If a friend has tagged you in a Place and you would like to remove your name, simply go to the Place story (you can find it on your profile, your friend’s profile, or the Place page) and select “Remove Tag.” You will no longer be connected to that Place through that story.

Remember that only your confirmed friends on Facebook are able to tag you in a Place if you have enabled them to do so in the “Customize settings” section of the main Privacy Settings page.

Of course that’s in retrospect.

People Here Now

Described by Facebook:

In the “People Here Now” section, you can see others who are checked in with you at that place. This section is visible for a limited amount of time and only to people who are checked in there. That way you can meet other people who might share your interests. If you prefer not to appear in this section, you can control whether you show up by unchecking the “Include me in ‘People Here Now’ after I check in” privacy control.

This has some obvious sore points. At a stadium or concert with hundreds or thousands of people it’s relatively anonymous with random faces and names. In a more intimate setting such as a restaurant or store it would relatively easy to match faces and full names. Given some basic info like a full name, network, current location a lot can be learned by using Google and public information databases. I suspect this has not so obvious implications for many who will not uncheck this preference.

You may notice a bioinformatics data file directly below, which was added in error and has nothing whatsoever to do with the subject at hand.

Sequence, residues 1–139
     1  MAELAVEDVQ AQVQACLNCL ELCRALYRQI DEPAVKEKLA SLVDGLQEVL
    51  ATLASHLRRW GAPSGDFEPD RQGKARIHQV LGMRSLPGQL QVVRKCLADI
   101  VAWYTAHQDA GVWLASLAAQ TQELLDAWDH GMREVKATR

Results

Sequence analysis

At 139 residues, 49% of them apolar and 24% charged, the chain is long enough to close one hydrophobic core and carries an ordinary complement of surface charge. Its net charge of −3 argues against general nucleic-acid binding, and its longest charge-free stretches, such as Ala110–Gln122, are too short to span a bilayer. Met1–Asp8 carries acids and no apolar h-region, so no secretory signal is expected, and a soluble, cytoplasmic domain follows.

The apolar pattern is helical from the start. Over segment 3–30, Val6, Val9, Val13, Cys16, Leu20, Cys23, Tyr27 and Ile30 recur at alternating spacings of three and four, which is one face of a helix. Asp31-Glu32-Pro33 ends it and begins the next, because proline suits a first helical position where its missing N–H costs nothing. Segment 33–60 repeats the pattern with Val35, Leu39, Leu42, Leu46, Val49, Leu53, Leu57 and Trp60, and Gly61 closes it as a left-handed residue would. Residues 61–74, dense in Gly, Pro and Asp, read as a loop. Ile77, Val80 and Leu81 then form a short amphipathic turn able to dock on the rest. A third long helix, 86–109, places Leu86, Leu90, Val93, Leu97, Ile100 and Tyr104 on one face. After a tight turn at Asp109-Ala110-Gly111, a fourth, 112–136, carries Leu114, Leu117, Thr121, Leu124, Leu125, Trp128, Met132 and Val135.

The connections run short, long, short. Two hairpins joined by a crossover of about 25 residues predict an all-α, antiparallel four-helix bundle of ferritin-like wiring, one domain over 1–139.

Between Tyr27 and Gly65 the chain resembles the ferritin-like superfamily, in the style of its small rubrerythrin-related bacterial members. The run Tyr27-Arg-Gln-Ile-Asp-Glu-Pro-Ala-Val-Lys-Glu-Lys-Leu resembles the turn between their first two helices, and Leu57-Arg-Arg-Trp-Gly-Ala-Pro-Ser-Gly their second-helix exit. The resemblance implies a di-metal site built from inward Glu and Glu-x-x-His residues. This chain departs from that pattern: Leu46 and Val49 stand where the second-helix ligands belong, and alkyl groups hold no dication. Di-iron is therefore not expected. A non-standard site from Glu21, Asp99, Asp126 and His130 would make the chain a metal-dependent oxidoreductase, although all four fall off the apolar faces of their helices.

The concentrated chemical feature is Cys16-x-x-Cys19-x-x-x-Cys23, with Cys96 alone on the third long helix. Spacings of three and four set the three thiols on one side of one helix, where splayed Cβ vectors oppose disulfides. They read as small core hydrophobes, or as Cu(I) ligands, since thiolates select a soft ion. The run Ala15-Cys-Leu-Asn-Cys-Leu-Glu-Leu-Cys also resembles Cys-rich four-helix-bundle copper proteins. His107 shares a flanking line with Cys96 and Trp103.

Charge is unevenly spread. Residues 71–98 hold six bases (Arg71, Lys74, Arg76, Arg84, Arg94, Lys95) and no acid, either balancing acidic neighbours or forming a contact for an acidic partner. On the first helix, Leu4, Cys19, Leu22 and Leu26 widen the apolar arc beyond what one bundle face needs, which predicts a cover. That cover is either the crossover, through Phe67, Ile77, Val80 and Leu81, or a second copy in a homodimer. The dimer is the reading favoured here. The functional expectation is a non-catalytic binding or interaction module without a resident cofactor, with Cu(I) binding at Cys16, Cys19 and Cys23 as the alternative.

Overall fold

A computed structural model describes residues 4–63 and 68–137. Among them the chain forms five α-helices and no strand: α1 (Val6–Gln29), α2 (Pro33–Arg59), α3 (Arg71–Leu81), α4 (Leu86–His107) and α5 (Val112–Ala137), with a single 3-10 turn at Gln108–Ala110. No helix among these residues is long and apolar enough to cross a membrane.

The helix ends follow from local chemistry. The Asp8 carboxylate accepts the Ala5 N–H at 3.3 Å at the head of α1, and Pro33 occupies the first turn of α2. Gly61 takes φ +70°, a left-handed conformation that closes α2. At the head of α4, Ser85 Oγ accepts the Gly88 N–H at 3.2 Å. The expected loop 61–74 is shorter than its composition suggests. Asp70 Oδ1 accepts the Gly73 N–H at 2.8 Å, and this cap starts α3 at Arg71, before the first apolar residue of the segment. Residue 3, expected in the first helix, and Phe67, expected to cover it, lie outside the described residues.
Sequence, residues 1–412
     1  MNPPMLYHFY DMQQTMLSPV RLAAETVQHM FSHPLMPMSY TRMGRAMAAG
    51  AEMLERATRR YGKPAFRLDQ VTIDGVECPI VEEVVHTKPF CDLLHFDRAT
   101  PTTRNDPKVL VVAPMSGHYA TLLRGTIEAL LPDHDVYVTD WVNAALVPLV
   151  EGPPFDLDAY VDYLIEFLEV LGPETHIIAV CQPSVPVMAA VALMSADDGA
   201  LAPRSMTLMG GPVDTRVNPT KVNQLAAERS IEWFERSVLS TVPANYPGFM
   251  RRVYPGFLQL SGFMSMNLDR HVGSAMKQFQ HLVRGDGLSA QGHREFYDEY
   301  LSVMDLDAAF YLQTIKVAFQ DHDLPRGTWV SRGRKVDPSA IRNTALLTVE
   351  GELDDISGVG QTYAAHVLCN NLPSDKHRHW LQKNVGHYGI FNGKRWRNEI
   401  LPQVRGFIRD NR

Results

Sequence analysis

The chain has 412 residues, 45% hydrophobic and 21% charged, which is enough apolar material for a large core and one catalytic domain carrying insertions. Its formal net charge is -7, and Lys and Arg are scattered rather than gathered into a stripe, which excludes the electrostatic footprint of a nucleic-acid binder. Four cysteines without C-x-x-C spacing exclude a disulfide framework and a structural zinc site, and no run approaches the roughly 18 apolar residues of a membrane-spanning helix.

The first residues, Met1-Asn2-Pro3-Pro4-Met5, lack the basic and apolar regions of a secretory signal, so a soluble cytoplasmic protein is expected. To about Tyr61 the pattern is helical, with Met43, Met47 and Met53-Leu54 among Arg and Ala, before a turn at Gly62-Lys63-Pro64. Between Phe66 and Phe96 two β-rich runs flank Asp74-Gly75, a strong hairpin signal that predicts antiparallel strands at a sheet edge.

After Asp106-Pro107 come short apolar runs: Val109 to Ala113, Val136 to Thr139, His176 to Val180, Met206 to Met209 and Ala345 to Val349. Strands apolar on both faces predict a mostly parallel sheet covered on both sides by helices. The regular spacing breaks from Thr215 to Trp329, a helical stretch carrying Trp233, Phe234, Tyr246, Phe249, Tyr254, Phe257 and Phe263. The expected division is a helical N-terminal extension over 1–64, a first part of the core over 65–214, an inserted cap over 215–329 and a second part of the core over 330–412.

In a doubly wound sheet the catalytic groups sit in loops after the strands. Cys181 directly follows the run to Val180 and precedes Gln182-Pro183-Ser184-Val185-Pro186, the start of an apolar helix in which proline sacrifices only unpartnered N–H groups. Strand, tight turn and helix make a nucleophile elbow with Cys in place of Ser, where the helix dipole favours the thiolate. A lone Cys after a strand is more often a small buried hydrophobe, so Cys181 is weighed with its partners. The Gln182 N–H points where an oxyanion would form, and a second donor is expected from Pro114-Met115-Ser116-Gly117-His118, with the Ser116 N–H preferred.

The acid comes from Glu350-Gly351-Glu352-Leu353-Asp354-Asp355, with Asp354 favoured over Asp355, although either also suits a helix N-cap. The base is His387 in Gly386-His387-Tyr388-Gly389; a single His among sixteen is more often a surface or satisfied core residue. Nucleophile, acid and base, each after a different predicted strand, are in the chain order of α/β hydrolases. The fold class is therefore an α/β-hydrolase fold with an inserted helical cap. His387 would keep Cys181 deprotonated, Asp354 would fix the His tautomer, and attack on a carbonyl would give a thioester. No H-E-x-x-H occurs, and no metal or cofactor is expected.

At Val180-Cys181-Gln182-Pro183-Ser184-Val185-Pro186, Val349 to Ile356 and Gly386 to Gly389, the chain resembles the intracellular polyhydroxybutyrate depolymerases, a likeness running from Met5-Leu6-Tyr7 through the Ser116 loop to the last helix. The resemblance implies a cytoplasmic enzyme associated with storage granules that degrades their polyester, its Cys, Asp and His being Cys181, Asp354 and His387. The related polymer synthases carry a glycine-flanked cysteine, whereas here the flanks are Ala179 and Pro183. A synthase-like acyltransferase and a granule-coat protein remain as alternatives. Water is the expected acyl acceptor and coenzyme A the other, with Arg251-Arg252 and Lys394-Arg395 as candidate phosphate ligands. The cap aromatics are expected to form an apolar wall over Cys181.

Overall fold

Facebook should have used just first names to ensure some privacy.

Other Risks

There are other risks as well. Any serial use of such a feature will reveal patterns about your daily life such as when you leave and get home, visit the gym, etc. Timing attacks become easier when an attacker can plan without having to actually stake out a victim.

Then there’s the question of what will be done with all the data collected over time by millions of users. This isn’t 100% clear just yet. That’s a privacy issue, but not so much safety issue.

Bottom Line

Proceed with caution. Facebook did prepare for privacy implications better this time than any other release they have done in the past. This however is a whole new ballgame. Facebook could still improve by making some changes as I discussed above. Even with the defaults there are clear and present dangers. Unlike FourSquare or Gowalla where users subscribed with location sharing in mind, this was dropped on Facebook users who likely didn’t intend to share that much with that many people.